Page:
Statistically, homes with thatched roofs are no more likely to catch fire than those with conventional roofs; however, if a thatched roof does ignite, the results are rapid and devastating. We would ask that residents do not have bonfires or set off any fireworks in their gardens, as they pose a serious risk to the thatched properties in the village. If you live under thatch, it is wise to be extra vigilant around November 5th and make frequent checks on your roof. Chinese lanterns are of particular concern, as the potential for harm when they descend is catastrophic, with a number of thatch fires resulting from these lanterns.
For further information and advice, contact your local fire safety officer.
The laws concerning fireworks
· It is illegal for anyone under 18 to possess a firework in a public place.
· Fireworks cannot be set off by a private individual between 11.00pm and 7.00am except for certain nights of the year.
· It is an offence to cause any unnecessary suffering to any captive or domestic animal.
Fireworks and Animals
Recommendations from the Blue Cross:
Every year thousands of animals will suffer as a result of fireworks being let off. Animals have very acute hearing and loud bangs and whistles may cause actual pain in their ears. But by following these simple guidelines your pet need not suffer.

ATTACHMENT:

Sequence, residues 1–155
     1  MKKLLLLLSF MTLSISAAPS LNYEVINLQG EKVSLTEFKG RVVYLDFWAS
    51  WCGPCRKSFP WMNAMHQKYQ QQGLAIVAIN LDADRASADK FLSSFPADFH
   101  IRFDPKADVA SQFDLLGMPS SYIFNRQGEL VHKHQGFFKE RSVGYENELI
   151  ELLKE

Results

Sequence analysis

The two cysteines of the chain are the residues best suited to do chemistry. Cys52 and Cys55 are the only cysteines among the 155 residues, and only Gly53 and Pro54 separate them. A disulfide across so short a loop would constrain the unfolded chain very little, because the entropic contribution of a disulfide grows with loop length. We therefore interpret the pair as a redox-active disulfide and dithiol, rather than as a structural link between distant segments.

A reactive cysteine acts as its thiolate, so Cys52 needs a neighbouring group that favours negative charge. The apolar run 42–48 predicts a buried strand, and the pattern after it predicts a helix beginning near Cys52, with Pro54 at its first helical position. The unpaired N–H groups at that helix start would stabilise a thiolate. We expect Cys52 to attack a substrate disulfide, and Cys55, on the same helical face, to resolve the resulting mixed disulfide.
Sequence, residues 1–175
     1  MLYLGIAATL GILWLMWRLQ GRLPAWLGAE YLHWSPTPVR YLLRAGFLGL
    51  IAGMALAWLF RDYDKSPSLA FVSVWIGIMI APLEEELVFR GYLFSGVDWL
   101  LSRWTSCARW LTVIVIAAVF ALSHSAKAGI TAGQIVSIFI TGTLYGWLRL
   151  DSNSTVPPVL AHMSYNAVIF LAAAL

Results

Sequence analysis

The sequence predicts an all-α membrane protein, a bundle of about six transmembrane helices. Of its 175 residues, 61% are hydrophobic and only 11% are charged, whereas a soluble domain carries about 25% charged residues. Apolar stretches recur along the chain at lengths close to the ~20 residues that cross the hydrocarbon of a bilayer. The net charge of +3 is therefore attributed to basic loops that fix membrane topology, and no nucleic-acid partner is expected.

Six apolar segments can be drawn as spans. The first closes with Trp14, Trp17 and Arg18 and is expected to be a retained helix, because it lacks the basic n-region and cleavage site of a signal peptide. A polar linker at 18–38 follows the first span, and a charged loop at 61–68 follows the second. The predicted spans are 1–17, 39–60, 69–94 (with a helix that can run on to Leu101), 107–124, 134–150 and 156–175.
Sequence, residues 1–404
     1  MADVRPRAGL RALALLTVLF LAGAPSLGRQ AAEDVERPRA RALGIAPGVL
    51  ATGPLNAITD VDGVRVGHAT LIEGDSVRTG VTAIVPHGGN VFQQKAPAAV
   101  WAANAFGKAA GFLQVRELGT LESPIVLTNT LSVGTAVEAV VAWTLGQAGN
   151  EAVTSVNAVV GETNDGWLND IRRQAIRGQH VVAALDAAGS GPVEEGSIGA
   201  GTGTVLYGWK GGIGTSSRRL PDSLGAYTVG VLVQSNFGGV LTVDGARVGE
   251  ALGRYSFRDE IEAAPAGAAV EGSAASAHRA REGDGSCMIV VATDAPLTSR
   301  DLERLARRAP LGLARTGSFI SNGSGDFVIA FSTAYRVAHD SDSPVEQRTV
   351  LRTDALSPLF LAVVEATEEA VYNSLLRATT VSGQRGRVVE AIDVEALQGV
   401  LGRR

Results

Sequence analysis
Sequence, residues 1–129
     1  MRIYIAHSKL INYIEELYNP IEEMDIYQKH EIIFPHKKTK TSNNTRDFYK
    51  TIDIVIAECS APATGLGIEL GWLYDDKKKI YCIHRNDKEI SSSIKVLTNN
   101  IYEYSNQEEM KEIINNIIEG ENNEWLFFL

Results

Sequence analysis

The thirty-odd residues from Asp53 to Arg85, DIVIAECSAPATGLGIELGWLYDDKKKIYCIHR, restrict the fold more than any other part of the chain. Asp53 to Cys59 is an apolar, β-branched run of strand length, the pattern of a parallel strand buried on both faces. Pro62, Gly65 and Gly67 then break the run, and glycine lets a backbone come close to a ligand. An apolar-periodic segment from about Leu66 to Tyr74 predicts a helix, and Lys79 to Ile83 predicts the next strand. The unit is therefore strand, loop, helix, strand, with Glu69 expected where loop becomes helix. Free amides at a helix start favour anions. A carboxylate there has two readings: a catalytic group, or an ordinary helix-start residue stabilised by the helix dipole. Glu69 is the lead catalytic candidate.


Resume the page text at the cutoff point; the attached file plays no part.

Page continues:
Rabbits, guinea pigs, hamsters, gerbils, mice, ferrets and birds all need to be treated with special care when fireworks are being let off. These animals are easily frightened. Hutches/cages should, if possible, be brought into a quiet room indoors, or into a garage or shed. If you cannot bring your pet’s hutch inside, you should turn its enclosure around so that it faces a wall or fence and cover them with thick blankets or a duvet to block out the sight of the fireworks and deaden the sound of the bangs, but make sure there is enough ventilation.
Dogs & cats
Always keep dogs and cats inside when fireworks are being let off and avoid leaving your pet alone during such potentially upsetting events. Close all windows and doors, and block off catflaps to stop pets escaping and to keep noise to a minimum. Draw the curtains, and if the animals are used to the sounds of TV or radio, switch them on to block out some of the noise of the fireworks.Ensure dogs are wearing some form of easily readable identification on their collars. All dogs are required by law to be microchipped, so if they do run away, they have a better chance of being quickly reunited with you.Prepare a ‘den’ for your pet where it can feel safe and comfortable – perhaps under a bed with some of your old clothes. It may like to hide there when the fireworks start.
Horses & Farm Animals
Fireworks must not be set off near livestock or horses in fields, or close to buildings housing horses or livestock, as they react badly to loud noises and if they become startled, they may get badly hurt. Anyone planning a firework display in a rural area should warn neighbouring horse owners and farmers in advance.
Chinese lanterns are known to cause terrible injuries and the deaths of horses, livestock and wildlife, as there is no way of controlling where they go and where they land.